We had to wait until the adults retired for their customary Saturday afternoon naps before we could start digging. We were, after all, only six years old, and we found digging a tough assignment. Our tiny muscles lacked the strength, and in the searing heat we were soon perspiring and aching without making much progress. We also had to be careful not to make too much noise. But we got assistance from an unexpected quarter: Ixa, immediately grasping what was happening, started digging energetically from his side. As if realising that it was a matter of life and death, he dug with tremendous enthusiasm, squealing and grunting with exertion and excitement. He was so excited that we had to admonish him to be less noisy about it.

"Shhh, Ixa, shhhh!" Boy whispered, and Ixa quietened down obediently, but he still snorted in suppressed excitement, his pink snout grimy with mud as he grovelled away on his side of the fence. Boy and I also gained momentum as we reached the damper earth, and the hole started growing in size, but it still was not big enough to allow Ixa, who had expanded tremendously in the previous two months, to crawl through.

Then the pit-bullterriers came. They charged at us, smashing against the fence, growling and foaming, their stupid little eyes gleaming menacingly at us.

"Voertsek," Boy hissed at them in a vain effort to quieten them down, but this only infuriated them more.

They were making so much noise that they could wake our parents any moment. We nearly lost our nerve for a moment, but the sight of poor Ixa digging desperately on his side of the fence gave us fresh courage as we dug frenziedly until we were close to collapse.

Just as it seemed we were bound to fail, events accelerated at a furious speed.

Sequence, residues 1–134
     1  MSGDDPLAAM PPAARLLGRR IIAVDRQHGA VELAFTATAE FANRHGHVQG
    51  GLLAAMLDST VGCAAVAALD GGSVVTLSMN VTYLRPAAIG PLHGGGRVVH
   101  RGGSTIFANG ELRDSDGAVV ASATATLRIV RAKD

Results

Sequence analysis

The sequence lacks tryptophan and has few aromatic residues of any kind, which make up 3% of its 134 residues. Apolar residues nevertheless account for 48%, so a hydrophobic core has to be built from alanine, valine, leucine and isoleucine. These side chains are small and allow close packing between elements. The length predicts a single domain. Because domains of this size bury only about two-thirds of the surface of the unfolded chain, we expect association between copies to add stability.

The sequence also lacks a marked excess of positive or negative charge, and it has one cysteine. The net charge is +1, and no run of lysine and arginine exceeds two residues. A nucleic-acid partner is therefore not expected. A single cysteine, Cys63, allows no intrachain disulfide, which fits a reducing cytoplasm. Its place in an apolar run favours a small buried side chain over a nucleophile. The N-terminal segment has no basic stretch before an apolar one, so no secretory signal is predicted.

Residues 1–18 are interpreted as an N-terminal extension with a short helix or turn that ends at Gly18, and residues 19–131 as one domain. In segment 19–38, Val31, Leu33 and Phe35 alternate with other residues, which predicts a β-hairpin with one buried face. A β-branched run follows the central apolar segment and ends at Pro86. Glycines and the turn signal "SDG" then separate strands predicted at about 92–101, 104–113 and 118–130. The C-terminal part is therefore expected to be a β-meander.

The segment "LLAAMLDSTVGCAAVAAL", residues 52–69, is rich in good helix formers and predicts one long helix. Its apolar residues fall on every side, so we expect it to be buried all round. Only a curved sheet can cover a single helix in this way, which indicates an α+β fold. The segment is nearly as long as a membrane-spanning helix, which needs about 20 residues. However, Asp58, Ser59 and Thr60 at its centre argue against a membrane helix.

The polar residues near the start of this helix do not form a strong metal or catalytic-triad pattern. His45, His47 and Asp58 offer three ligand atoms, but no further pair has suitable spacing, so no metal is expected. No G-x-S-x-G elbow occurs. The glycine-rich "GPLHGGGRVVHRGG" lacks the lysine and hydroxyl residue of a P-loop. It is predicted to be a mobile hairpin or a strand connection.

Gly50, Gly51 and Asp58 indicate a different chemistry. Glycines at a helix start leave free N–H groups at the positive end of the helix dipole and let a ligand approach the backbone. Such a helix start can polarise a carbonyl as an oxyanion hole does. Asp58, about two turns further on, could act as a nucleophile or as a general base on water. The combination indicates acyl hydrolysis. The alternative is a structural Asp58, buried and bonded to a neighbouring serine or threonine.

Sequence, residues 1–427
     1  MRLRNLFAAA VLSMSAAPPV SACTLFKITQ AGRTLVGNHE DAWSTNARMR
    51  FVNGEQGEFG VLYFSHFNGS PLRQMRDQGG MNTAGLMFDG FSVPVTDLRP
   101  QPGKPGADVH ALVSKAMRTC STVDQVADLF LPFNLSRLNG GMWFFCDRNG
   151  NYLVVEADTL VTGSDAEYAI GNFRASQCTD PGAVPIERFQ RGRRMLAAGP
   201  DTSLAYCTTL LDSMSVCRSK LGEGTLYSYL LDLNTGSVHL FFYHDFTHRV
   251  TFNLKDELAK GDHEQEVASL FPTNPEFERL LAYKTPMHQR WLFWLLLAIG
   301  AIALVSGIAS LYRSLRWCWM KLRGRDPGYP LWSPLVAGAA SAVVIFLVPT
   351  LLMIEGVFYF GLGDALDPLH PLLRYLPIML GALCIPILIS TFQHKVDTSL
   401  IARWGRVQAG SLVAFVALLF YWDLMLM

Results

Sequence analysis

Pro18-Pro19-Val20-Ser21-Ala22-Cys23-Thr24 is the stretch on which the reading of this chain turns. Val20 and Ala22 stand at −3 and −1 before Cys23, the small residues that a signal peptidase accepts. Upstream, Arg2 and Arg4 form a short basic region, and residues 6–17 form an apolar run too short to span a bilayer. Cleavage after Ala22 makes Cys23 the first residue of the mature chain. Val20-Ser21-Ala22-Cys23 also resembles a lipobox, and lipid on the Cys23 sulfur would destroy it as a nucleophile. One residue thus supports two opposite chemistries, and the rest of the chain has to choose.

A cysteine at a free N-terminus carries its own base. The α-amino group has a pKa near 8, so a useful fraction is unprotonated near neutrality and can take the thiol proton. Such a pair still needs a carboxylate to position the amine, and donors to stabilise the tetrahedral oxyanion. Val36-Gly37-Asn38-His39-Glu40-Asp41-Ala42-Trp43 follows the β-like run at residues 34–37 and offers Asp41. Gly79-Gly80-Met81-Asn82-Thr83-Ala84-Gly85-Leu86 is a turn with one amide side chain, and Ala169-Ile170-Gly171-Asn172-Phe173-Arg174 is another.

"Jacob!" I could hear my father calling from somewhere.

Ixa panicked and with incredible strength ripped a hole through the fence, powering his way through to our side. Boy and I had no time to rejoice, for simultaneously with Ixa's escape, one of the pit- bullterriers writhed his way through underneath the fence, and charged straight for us. Boy and I froze, anticipating death, but the bullterrier stormed past us straight at Ixa.

I learnt much about the pride of a boar that afternoon, and I learnt why some European knights carried the sign of the Wild Boar on their banners. They might just as well have carried the sign of the common domesticated pig, for in terms of courage and fighting prowess, it can equal its wild cousin any day, and cornered and fighting for its own dignity and freedom, it is the most formidable of foes.

Even before the pit-bullterrier could touch it, Ixa, in a single movement and with lightning speed, ripped open the bullterrier so that its guts spilled out. The pit-bullterrier whined in shock as the young warrior, emitting an ancient war cry, grabbed it by its throat and in a whipping movement broke its neck.

It was all over in a flash, and Boy and I were still riveted in amazement when my father suddenly appeared from behind the compost heap. The pandemonium had him trotting towards us with only his underpants on.

"What the hell!" he muttered and staggered back as Ixa, who knew an enemy when he saw one, feigned a short charge, growling at my father, who almost fell across the compost heap in hasty retreat.

"Away!" he screamed, pausing quite bravely for a split second, gesticulating at us, but when Ixa, lowering his head, charged him a second time with a high pitched battle cry, he spun around and deserted us, scrambling for his life, arms flapping, screaming hoarsely, "The gun, the gun, get my gun!"

The three of us realised that we would have to move fast. Boy and I sprinted for the back gate leading onto the path bordering the railroad tracks, with Ixa snorting apprehensively as he followed us at a gallop. We threw open the gate, and Ixa shot past us, galloping across the tracks and disappearing into the heat waves and towards the mountains encircling us, never to be seen again.

Boy and I quickly shut the gate and dashed back to the compost heap just in time to witness my father, still in underpants, crouching, cautiously sneaking up on the compost heap from the other side, possibly searching for our remains.

He jumped in fright when he saw us. He stared stupidly at us for a moment, trying to assess the situation. Boy and I could hear our mothers wailing from the kitchen.